The most compelling answers to the question, “Why should we pray?” are: 1) Jesus did and 2) The Holy Spirit does. So familiar we almost miss the point, the words of Romans 8 declare that, “the Holy Spirit prays for us with groanings too deep for words”. I don’t know whether this means that He prays for me ( in my place, when I cannot because I am so confused or discouraged), or that he prays for me (for God’s will and my benefit). Either way the fact that the Holy Spirit prays is significant. With an infinite number of things that He could do, it is amazing to me that His ministry is prayer. He cries out! No wonder that we who are “filled” with His life learn to do the same.
One of the things that I cannot do is to generate LIFE. I woke yesterday to find that the nagging and negative parts of my soul were “already up”. These parts of me are not strangers, but not friends, either. As I prayed, I remembered that God has power. He has LIFE. Infinite. Clean. Flowing from His heart into mine. Ezekiel pictures a river that gets wider and deeper as it goes. Jesus promised the woman at the well “a fountain springing up” within her. When Jesus taught us to pray “Thine is the power”, He was insisting that I look at God rather than self, think about His plan rather than my circumstances. How grateful I am that prayer is part of His new path for me. “Those who wait upon the Lord will renew their strength”.
“Let him who thinks he stands, take heed lest he fall” (1 Corinthians 10:12). Part of God’s wisdom in having me pray daily about sin and temptation is to remind me of my weakness. The Israelites at Ai thought that the victory at Jericho would make the next battle easier, that somehow they would get stronger and stronger as they went along. Christians, sometime, think that years of faithfulness to God will take away the danger of real failure toward God. The truth is that all of us are still vulnerable and always will be. The longer I follow, the more I realize that “no good thing dwells in me” and that I can never grow overconfident about my desperate weakness and daily need for his guidance and protection. Lord, lead me not into temptation!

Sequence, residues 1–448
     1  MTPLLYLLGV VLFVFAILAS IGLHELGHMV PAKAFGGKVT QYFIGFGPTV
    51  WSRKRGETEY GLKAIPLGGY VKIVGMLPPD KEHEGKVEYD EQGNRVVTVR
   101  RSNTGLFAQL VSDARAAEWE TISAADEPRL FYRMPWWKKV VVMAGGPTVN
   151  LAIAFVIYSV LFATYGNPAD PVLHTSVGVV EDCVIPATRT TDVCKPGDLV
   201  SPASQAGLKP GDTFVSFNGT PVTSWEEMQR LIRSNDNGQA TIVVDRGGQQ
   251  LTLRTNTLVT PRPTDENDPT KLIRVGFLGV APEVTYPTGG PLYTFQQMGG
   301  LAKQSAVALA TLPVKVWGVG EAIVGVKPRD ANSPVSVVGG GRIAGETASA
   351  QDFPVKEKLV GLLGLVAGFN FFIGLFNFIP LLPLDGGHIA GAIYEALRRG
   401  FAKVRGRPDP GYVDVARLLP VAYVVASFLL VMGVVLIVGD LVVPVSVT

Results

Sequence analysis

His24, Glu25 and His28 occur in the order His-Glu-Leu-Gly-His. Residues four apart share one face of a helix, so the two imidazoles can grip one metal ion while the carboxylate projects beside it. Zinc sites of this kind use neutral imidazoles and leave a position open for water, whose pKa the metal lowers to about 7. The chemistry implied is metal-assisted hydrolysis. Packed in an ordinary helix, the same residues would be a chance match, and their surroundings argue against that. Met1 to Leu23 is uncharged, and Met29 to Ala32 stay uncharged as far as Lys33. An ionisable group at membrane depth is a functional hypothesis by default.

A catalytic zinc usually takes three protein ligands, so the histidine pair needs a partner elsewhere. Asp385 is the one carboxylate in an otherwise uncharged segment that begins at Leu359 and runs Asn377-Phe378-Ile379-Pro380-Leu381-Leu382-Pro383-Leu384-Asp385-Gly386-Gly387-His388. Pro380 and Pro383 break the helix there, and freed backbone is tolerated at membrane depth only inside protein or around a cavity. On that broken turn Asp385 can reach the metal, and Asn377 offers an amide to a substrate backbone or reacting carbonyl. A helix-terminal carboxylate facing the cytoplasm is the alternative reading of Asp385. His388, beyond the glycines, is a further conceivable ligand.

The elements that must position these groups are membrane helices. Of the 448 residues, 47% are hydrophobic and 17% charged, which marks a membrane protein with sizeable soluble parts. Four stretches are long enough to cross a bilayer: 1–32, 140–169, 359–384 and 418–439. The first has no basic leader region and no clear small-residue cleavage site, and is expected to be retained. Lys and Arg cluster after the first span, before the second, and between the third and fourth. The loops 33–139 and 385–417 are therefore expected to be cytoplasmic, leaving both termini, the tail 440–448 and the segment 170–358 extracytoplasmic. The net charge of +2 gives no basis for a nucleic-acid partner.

Christians are very aware of a battle within ourselves. “The Spirit wars with the flesh and the flesh wars with the Spirit” (Galatians 5:17). The child of God is caught in the conflict. When we pray, “lead us not into temptation” we bring the things that tempt us “out into the open”. Rather than waiting until we have failed again, we speak in advance, honestly, sincerely about the “sins that so easily beset us” (Hebrews 11:1). Doing so fortifies us! It involves Him in the equation and leads to a victory that was impossible when we relied on our own strength. Friend, are you being open and honest with yourself and with your Father on this subject? How wise of God to teach us to talk about temptation.